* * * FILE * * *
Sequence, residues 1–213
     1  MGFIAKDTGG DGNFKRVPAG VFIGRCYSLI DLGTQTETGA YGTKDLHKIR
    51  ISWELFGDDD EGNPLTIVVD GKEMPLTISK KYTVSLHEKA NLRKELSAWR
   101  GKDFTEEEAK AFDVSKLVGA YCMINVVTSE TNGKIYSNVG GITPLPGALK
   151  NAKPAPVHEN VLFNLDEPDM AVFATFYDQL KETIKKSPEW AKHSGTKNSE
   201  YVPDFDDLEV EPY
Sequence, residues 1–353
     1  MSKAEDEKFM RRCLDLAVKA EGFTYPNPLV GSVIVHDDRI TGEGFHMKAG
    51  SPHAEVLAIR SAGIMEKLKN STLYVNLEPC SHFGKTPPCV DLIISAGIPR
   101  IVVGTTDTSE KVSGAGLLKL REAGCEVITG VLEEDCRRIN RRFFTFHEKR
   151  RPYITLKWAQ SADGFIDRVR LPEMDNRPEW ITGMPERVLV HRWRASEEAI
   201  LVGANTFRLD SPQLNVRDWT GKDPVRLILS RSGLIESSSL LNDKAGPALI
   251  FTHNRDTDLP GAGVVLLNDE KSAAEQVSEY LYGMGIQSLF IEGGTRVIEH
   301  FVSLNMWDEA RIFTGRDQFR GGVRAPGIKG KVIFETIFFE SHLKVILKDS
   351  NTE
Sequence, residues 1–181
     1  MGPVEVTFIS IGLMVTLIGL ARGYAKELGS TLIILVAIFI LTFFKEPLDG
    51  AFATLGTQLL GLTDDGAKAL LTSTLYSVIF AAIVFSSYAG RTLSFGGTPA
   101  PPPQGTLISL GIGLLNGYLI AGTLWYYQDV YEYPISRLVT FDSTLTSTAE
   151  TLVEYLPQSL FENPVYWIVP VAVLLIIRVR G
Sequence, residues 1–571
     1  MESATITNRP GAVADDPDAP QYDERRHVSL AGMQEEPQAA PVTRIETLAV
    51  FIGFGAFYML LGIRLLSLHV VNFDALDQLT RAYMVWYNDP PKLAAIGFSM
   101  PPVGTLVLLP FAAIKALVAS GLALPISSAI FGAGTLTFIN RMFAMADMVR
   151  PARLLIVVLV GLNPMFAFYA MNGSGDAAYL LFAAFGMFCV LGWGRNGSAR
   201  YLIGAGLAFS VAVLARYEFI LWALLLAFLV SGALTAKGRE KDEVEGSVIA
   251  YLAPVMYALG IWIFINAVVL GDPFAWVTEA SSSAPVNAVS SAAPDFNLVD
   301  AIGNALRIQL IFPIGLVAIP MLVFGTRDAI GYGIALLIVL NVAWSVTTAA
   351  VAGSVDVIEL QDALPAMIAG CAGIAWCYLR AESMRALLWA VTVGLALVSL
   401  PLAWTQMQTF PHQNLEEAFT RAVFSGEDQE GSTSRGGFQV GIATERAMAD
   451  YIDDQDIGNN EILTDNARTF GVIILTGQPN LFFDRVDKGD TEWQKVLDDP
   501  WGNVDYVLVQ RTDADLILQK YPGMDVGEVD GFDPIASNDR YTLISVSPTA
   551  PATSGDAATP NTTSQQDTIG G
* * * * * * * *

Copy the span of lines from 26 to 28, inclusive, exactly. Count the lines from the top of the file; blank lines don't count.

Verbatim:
   201  YLIGAGLAFS VAVLARYEFI LWALLLAFLV SGALTAKGRE KDEVEGSVIA
   251  YLAPVMYALG IWIFINAVVL GDPFAWVTEA SSSAPVNAVS SAAPDFNLVD
   301  AIGNALRIQL IFPIGLVAIP MLVFGTRDAI GYGIALLIVL NVAWSVTTAA